On April 9, 2018, the United States Court of Appeals for the Ninth Circuit considered whether employers can pay men and women differently for the same work based on their salaries at previous positions. This is an issue that courts have dealt with differently over the years—some holding that prior salary alone can justify a discrepancy in pay, with others holding the opposite. In a landmark holding, the Ninth Circuit held that prior salary can never justify a difference in pay, either alone or in combination with other factors. (Rizo v. Yovino, No. 16-15372 (9th Cir. Apr. 9, 2018).)
The Equal Pay Act (EPA), 29 U.S.C.A. § 206(d)(1), is a federal law that prohibits gender-based pay discrimination. The EPA requires employers to pay men and women equal wages for equal work. Jobs are considered equal when they are performed under similar working conditions and require equal skill, effort, and responsibility. However, the law does allow employers to differentiate pay based on seniority, merit, the quality or quantity of production, or “any other factor other than sex.” Over the years, courts have grappled with whether an employee's prior salary qualifies under this last category as a legitimate factor other than sex.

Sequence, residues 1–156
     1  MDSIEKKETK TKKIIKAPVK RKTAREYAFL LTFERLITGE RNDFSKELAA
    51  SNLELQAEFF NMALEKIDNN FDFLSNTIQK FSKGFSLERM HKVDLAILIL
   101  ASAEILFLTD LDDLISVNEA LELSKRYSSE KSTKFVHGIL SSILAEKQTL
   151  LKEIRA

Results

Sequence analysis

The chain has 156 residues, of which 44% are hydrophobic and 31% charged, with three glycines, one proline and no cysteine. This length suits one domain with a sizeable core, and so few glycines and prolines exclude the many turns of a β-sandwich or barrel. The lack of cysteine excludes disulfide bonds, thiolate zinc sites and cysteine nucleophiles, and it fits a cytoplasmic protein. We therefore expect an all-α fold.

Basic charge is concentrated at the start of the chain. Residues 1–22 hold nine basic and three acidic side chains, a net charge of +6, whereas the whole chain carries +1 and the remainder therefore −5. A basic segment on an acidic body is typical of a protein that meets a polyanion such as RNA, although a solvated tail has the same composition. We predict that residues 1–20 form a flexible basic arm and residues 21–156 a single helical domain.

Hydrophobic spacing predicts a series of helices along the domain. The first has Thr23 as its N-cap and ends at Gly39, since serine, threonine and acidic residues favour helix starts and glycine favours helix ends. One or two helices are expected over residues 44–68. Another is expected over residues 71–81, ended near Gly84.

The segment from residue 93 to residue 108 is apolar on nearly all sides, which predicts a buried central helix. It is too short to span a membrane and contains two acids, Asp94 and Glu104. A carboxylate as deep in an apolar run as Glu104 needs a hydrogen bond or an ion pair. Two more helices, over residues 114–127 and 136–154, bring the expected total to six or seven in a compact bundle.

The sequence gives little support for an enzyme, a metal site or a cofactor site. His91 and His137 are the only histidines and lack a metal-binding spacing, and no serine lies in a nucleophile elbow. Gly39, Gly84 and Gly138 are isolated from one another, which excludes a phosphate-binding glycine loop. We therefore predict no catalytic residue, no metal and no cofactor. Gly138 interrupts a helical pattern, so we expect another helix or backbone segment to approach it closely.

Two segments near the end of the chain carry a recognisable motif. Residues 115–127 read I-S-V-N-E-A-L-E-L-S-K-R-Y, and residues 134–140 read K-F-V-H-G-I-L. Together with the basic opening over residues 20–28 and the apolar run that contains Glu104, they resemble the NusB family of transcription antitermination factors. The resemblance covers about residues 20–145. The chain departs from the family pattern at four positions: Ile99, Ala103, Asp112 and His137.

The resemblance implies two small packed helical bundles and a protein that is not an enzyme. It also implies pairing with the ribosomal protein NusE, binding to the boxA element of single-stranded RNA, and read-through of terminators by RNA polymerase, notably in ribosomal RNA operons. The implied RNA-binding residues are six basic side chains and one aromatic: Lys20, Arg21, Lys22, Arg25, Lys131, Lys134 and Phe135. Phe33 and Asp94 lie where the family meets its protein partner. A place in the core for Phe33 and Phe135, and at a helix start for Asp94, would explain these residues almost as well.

This week, the Ninth Circuit clarified the issue, holding that prior salary can never be used to justify paying men and women differently for equal work. In doing so, it overruled a 1982 decision that allowed employers to consider prior salary (Kouba v. Allstate Ins. Co., 691 F.2d 873 (9th Cir. 1982)). The court acknowledged that relying on an employee's prior salary perpetuated gender-based pay discrimination because women have historically been paid much lower than men for the same work.
For employers to rely on any “factor other than sex,” it must be a job-related reason—such as an employee's experience, education, or prior job performance. Per the Ninth Circuit's holding, an employee's prior salary is not job-related and cannot be considered in setting pay.
Effective date: April 9, 2018